Netherlands’ state-backed firms have committed to establishing a green hydrogen fund worth $1 billion for investment in South African projects. This initiative was announced during an event in Pretoria, attended by the leaders of the Netherlands, Denmark, and South Africa, where they also discussed investments in renewable energy. Although the specific allocation of funds was not disclosed, Denmark’s involvement was indicated. The SA-H2 fund, a first for South Africa, will involve the participation of state finance institutions, namely the Development Bank of Southern Africa (DBSA) and the Industrial Development Corp., as well as Climate Fund Managers BV, Invest International BV, Sanlam Ltd., and other strategic investors.
South Africa’s ample wind and solar resources, along with its industrial capacity, position it as a potential major producer of green fuel, which is expected to replace natural gas in the future. While the Netherlands could act as an import hub, South Africa has the unique advantage to play a significant role in the global hydrogen market. The funding for this initiative will be raised in South Africa or through alternative channels. The SDG Namibia One fund, which also aims to secure $1 billion, operates in a similar manner, according to DBSA.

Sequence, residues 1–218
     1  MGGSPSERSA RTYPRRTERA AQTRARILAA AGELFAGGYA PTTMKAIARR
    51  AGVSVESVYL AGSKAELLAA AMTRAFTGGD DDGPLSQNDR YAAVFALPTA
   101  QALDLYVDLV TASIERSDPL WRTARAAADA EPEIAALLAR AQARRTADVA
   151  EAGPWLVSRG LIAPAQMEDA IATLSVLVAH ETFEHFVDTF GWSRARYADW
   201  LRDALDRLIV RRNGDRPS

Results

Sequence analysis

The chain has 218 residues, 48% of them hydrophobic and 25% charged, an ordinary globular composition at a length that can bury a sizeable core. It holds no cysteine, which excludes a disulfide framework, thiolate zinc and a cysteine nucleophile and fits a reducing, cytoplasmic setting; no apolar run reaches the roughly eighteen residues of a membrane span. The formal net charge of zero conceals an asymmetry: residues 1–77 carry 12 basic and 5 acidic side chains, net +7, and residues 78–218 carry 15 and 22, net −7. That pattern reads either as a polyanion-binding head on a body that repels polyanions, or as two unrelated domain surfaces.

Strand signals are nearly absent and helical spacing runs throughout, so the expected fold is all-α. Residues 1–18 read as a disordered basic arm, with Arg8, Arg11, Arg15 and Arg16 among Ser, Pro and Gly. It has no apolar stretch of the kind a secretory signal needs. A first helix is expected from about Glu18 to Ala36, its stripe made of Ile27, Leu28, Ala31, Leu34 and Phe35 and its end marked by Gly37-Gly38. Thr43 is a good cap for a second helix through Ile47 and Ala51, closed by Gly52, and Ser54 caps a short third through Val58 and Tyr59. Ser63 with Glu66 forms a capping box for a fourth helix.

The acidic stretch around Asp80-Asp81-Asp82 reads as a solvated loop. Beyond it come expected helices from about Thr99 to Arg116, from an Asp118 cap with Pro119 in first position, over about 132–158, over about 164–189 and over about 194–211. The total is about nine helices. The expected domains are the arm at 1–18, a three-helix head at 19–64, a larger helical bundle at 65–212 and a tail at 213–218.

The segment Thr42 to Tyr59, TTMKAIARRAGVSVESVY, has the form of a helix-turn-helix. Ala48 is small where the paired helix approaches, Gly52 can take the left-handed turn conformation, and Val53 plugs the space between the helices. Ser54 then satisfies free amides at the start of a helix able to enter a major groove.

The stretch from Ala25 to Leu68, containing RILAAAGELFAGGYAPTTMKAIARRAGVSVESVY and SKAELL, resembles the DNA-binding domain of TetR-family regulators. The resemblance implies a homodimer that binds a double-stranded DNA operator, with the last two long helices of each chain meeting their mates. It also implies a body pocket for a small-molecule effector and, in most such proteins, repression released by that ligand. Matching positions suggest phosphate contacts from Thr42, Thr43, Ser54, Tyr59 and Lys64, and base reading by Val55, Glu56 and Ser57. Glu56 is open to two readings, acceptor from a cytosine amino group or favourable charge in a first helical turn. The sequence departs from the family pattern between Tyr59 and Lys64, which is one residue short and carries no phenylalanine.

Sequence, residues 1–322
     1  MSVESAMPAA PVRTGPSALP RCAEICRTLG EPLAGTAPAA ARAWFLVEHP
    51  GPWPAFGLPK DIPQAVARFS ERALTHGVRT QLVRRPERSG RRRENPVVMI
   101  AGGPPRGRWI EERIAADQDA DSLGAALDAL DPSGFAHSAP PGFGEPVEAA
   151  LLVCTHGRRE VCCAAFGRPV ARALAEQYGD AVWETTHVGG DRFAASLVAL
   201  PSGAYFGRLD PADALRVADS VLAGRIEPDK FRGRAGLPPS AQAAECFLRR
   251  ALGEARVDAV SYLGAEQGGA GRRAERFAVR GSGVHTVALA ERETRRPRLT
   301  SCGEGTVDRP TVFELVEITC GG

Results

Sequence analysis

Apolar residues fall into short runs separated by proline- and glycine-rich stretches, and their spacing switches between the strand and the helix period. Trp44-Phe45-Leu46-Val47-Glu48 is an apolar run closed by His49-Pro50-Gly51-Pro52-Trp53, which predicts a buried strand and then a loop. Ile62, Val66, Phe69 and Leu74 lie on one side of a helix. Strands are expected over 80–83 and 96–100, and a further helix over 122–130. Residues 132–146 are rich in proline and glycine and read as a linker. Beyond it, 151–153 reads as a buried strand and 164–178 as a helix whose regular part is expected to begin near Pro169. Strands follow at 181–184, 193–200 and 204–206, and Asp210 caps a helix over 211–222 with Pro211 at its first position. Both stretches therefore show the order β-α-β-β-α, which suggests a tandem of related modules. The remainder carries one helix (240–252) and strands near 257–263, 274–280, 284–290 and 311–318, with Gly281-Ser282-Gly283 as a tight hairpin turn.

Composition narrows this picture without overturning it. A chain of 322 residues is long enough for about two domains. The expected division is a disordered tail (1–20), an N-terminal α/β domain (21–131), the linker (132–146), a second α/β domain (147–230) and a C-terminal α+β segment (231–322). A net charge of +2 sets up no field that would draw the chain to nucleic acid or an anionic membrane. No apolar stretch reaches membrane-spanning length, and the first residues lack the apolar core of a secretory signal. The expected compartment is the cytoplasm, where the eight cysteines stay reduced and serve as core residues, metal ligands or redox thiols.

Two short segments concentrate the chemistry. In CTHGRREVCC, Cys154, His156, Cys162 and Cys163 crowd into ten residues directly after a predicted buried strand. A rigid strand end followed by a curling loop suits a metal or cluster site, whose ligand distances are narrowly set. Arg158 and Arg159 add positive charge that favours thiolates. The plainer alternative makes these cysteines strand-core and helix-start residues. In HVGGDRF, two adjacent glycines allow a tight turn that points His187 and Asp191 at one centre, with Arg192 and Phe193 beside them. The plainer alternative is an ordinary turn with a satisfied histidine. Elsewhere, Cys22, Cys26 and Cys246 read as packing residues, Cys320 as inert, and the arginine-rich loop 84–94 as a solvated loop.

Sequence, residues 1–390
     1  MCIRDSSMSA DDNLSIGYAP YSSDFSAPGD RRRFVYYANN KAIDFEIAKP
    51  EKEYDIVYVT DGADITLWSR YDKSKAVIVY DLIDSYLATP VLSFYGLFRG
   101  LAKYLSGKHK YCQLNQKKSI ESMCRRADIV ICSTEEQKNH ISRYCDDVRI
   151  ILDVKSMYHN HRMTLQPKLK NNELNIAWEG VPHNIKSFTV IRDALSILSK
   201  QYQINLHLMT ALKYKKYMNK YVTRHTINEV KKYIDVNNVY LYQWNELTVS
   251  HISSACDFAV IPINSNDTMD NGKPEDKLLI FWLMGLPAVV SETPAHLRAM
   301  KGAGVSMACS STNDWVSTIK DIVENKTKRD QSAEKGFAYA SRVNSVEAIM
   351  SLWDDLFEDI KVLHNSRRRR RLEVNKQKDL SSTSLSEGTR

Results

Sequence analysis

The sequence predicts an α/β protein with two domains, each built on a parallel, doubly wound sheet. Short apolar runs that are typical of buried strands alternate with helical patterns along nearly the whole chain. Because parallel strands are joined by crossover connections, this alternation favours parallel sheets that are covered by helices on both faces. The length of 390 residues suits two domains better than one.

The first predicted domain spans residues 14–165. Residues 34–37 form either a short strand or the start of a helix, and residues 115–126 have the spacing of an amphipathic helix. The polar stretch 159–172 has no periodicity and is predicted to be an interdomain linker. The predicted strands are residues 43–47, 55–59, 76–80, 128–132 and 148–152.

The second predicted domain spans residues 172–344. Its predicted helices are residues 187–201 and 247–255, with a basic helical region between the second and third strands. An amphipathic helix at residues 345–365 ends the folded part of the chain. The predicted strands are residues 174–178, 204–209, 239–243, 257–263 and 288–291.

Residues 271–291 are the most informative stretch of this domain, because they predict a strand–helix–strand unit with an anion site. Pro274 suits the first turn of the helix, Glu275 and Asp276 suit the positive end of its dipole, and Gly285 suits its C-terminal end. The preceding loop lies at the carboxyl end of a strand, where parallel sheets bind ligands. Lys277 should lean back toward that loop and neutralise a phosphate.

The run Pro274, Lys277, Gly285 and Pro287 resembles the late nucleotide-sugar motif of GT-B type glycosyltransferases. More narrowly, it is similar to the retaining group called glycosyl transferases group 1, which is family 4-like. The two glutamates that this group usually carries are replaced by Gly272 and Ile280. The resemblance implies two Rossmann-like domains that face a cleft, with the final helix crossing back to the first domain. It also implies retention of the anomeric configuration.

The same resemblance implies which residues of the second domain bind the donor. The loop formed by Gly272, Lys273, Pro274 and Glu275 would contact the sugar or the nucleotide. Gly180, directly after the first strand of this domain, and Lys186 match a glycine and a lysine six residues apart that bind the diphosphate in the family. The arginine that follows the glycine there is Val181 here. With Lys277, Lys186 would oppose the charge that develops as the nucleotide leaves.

Regarding climate finance, South Africa is making preparations to implement an $8.5 billion agreement with some of the wealthiest nations in the world. This pact aims to support South Africa’s transition away from coal usage. Denmark and the Netherlands are currently engaged in discussions to join the Just Energy Transition Partnership, which includes South Africa, the UK, US, France, Germany, and the European Union. Three individuals familiar with the matter disclosed this information earlier this month.
The hydrogen fund is the first of its kind and is expected to inspire similar initiatives in the future. Its purpose is to act as a finance facility that combines different funding sources in order to encourage greater private-sector investment in the industry. Alongside this, the three countries involved announced a range of partnerships. Invest International committed to establishing a 300 million euro ($327 million) water infrastructure fund for South Africa, while a Dutch venture will transform the soon-to-be idled Grootvlei power plant into a climate-smart agriculture hub in South Africa. Denmark plans to contribute approximately 3.2 billion rand ($174 million) towards green energy projects in South Africa. The event was attended by 130 business leaders from the three nations, including representatives from Vestas Wind Systems A/S and the Port of Rotterdam.